It's a good week to be a presenter on the BBC and Sky rolling news channels - they'll get paid do do very little as the usual schedules will be swept aside, replaced by blanket coverage of the Leveson inquiry. Senior cabinet ministers serve as the warm-up act for Jeremy Hunt, who finally gets to give his side of the BSkyB takeover deal on Thursday.
Theresa May, Vince Cable and Ken Clarke are among the senior members of the government who'll appear before Leveson on Tuesday and Wednesday. On Monday Tony Blair will spend the entire day being asked questions by Robert Jay - a QC who has become almost as analysed as the witnesses he grills.
Blair - who famously flew around the world to meet Rupert Murdoch after he was elected in 1997 - will be asked just how cosy the relationship was between New Labour and News International. Is the dodgy media-political complex all his fault ultimately?
Although some of the emails and texts sent by Jeremy Hunt are quite embarrassing and a lesson in how not to conduct business in dodgy Franglais, it's accepted that none of the evidence given by his former special adviser Adam Smith last week could be construed as a smoking gun to unseat the culture secretary. But once Hunt has appeared before Leveson, expect the clamour for him to resign from Labour to resume, regardless of what he says.
Elsewhere the allegations that Tory chairwoman Sayeeda Warsi wrongly claimed for overnight expenses in 2008 will be a critical test of her popularity within her party. She's not wildly popular among grassroots members and there are grumbles about her among MPs. Will any of them come out and support her? Tory sources point out that she hasn't broken the law, and most of her alleged wrongdoing took place before the expenses scandal, when the rules were fuzzy and widely flouted. Will that be enough to save her?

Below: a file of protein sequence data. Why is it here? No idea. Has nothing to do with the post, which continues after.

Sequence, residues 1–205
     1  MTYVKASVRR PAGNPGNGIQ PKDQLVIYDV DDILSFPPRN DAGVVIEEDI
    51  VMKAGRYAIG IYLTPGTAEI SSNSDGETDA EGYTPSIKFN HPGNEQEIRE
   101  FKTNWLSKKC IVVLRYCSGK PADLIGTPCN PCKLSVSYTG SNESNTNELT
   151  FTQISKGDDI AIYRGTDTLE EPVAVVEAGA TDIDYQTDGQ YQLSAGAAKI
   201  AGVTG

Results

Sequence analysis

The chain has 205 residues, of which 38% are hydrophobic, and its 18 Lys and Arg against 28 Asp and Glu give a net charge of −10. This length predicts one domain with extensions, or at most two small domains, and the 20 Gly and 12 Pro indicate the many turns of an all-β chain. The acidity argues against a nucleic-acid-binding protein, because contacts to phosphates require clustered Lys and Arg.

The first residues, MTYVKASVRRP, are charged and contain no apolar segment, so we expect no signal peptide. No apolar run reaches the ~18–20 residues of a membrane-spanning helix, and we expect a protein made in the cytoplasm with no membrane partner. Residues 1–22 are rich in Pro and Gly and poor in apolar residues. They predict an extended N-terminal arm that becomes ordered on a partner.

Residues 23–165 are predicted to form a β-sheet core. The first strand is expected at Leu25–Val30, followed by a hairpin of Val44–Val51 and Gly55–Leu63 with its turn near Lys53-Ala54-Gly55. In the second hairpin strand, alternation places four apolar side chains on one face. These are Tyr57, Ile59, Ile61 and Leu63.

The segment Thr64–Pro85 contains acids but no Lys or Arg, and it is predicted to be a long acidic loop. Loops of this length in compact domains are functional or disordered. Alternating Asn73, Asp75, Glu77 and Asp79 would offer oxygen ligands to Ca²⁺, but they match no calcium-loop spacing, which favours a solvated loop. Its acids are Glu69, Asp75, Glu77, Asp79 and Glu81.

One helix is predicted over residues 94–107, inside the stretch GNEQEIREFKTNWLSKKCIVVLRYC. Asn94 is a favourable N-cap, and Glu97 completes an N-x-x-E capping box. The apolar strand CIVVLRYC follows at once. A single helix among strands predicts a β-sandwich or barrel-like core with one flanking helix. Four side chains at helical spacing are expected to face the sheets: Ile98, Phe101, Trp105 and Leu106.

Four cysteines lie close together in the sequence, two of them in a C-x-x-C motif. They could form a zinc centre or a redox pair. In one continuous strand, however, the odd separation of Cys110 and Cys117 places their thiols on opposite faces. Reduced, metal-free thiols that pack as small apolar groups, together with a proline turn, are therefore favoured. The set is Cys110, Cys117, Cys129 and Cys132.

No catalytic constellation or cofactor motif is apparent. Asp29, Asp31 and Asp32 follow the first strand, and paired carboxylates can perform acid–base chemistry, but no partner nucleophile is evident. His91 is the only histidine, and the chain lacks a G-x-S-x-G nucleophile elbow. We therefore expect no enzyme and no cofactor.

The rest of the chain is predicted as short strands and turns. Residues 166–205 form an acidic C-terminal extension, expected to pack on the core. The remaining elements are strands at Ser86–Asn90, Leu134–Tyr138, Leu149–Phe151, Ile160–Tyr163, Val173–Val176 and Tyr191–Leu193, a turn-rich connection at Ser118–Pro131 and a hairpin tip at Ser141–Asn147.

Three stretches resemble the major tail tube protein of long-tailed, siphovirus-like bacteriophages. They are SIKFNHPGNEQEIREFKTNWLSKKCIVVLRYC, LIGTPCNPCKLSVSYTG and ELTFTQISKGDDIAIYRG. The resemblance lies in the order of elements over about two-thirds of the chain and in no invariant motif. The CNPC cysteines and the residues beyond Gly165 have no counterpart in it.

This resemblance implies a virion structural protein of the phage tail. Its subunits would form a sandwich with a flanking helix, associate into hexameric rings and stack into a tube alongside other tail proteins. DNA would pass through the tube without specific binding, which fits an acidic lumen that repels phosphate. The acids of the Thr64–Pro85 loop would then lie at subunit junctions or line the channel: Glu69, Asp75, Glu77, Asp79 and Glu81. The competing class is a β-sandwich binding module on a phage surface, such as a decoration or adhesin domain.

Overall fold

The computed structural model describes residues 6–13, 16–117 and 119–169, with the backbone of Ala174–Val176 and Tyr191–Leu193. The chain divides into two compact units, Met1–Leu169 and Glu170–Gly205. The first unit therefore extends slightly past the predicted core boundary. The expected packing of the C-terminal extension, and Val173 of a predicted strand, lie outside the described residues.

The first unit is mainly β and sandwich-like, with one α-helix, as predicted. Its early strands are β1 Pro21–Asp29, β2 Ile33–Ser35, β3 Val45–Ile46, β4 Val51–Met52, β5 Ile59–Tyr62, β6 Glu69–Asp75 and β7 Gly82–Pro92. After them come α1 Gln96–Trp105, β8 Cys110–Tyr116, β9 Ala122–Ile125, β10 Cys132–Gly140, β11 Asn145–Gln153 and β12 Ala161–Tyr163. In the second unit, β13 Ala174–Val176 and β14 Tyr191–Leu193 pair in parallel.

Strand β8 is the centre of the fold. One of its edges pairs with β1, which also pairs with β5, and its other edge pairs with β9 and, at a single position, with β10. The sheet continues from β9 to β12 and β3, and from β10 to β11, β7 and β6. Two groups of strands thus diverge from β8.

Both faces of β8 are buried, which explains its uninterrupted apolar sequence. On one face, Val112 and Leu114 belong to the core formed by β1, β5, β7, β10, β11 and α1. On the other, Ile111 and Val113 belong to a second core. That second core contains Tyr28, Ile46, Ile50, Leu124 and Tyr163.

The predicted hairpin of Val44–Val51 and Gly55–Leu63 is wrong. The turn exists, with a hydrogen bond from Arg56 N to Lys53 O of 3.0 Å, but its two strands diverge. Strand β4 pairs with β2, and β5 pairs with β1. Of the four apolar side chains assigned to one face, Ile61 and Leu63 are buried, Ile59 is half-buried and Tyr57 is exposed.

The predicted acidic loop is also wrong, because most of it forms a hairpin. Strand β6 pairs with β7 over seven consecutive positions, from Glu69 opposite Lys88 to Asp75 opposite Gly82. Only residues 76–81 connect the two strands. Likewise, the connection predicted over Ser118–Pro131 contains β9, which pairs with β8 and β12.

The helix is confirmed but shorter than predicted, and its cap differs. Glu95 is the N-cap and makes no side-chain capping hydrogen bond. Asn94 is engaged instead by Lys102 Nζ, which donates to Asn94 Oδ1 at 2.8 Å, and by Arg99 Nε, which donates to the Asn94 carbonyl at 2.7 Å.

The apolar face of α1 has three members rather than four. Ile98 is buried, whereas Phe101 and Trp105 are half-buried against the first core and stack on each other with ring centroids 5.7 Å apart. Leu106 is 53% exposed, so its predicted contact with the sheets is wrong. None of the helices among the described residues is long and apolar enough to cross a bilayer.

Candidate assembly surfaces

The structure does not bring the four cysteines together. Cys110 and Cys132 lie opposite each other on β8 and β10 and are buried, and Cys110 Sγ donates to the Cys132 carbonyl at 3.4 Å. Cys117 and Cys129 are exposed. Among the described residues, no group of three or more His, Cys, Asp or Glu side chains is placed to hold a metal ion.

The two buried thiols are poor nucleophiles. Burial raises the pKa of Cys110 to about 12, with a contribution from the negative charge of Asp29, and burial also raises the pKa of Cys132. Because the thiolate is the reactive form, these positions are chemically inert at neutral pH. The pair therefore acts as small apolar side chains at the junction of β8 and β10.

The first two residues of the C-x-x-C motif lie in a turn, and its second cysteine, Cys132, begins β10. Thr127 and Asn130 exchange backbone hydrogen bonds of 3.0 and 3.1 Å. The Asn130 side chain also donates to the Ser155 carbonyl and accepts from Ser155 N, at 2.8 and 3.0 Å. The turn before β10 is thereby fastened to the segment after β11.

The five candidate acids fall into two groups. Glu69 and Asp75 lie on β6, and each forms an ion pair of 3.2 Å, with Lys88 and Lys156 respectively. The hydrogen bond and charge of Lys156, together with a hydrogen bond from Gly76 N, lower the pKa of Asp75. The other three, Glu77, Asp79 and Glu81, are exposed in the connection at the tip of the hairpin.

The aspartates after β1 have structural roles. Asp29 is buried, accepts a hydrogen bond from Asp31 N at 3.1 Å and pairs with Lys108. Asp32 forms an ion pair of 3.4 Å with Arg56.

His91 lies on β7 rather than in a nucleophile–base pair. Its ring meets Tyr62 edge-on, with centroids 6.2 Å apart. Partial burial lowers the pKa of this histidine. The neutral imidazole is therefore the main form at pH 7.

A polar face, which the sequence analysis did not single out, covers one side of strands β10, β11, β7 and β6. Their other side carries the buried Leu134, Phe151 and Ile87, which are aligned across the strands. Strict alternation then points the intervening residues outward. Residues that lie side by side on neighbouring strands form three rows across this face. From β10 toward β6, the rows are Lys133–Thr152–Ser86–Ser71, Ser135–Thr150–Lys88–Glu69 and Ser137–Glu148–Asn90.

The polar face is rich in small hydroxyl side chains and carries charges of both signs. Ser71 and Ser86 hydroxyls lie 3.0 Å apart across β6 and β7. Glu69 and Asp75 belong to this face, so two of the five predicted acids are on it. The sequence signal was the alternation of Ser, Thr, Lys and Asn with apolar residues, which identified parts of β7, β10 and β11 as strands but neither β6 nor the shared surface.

On Friday Chris Huhne and Vicky Pryce finally have their day in court for allegedly perverting the course of justice. It's taken four months for their case to get to Crown Court. Their appearance this week will probably be a brief one, but we should finally get their formal pleas.
And on Friday votes will be counted in the Irish referendum on the European Stabilisation Treaty. The polls suggest the Irish will give a "yes" vote, which is being urged by all the major parties.
A "no" vote wouldn't derail the entire treaty, but would make it impossible for the Irish to take advantage of the rescue fund being created to stop further crises in the Eurozone. And the latest polls suggest about a quarter of voters haven't made up their mind on how to vote, which is why politicians in Dublin remain nervous.